Martin’s amateur investigation opens a can of worms — or a can of illicit dealings, tax evasion, bribery and shell companies. The second section, “Secret 2: It’s All Shells,” delves into the offshore shell companies that wealthy people set up to hold their assets and evade scrutiny. Mossack Fonseca & Co. provided law and corporate services for such dealings. Sad and troubled, Martin travels to the Caribbean Island of Nevis. During the flight, she has a disturbing dream of arriving at the United Reinsurance offices and shooting its employees. In reality, however, she actually discovers that United only has a P.O. Box address in Nevis and is not a legitimate company. The disturbing nature of Martin’s troubling dream has no place in a movie that seeks to replicate “The Big Short” and “The Wolf of Wall Street.”

The next scene, similarly confusing and non-linear, portrays Boncamper’s arrest by American authorities on the charge of money laundering, during which the viewer must assume that Boncamper and Martin were coincidentally on the same return flight to the U.S. In its non-linear fashion, the film then provides a glance into the Panamanian headquarters of Mossack Fonseca & Co., revealing a scene in which employees discuss the hundreds of thousands of shell companies created by the law firm.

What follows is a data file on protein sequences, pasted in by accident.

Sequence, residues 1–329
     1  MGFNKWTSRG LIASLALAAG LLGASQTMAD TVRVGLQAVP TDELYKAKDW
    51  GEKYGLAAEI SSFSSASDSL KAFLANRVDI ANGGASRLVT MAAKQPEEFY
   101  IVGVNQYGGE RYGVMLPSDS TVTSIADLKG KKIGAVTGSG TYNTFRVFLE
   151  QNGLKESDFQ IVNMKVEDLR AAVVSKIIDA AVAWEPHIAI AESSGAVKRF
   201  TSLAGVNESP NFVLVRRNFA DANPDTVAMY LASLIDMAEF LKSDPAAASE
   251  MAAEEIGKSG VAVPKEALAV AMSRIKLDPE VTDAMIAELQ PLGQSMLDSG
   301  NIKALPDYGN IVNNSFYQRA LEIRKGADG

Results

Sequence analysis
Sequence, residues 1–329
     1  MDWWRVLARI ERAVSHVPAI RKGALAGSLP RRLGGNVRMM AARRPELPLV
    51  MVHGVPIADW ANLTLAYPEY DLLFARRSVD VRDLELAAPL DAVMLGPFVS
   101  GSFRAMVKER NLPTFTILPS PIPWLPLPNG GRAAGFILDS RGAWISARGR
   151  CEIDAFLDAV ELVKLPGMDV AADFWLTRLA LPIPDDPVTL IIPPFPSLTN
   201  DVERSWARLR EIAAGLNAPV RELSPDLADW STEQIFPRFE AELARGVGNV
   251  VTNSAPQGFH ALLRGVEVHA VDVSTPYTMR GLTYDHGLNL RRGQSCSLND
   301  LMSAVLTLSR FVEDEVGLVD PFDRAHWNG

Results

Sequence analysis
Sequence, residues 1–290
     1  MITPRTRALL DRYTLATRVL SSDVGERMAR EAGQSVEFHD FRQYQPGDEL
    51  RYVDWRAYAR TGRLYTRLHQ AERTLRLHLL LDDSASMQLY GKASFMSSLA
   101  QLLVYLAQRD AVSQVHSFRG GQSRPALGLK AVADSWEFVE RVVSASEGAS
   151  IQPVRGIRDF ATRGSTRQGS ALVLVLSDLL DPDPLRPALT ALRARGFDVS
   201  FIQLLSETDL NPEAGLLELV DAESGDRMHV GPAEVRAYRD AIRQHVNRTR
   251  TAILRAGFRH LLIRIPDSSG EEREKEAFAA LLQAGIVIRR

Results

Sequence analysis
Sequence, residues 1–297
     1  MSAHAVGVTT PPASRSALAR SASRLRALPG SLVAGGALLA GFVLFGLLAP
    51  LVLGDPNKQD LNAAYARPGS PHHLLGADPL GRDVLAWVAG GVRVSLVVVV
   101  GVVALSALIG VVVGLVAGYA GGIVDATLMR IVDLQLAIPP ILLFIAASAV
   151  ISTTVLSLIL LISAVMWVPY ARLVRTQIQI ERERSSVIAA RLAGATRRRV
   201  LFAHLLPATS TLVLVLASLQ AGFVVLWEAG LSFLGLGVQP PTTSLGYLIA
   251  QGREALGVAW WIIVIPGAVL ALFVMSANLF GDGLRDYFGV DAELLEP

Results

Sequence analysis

“Secret 3: Tell A Friend” is perhaps the most confusing of all the sections. This secret blends together the biography of Fonseca, the murder of two Americans in Sinaloa, Mexico by a drug dealer who has shell companies through Mossack Fonseca & Co. and the repugnant life of Charles (played by Nonso Anozie), a wealthy South African man who cheats on his wife with their daughter’s roommate at the University of Southern California. These clips are scrambled, and while they provide interesting stories, it is difficult to see their connection to the bigger picture. “The Laundromat” acts like a teacher who loves his subject but is disheveled and unable to explain it to his students. 

In “Secret 4: Bribery 101,” perhaps the only linear storyline in the film, Charles’ efforts to conceal his affair continue.He offers his daughter a shell company in exchange for her silence, declaring, “This is adulthood. It’s filled with disappointments and negotiations.” Despite Charles’ attempted bribery, his young mistress confesses their adulterous adventures to his wife. The shell company that he “gifted” his daughter is empty, worth only $37. The discovery of this money laundering scam is only one of the many created by Mossack Fonseca & Co.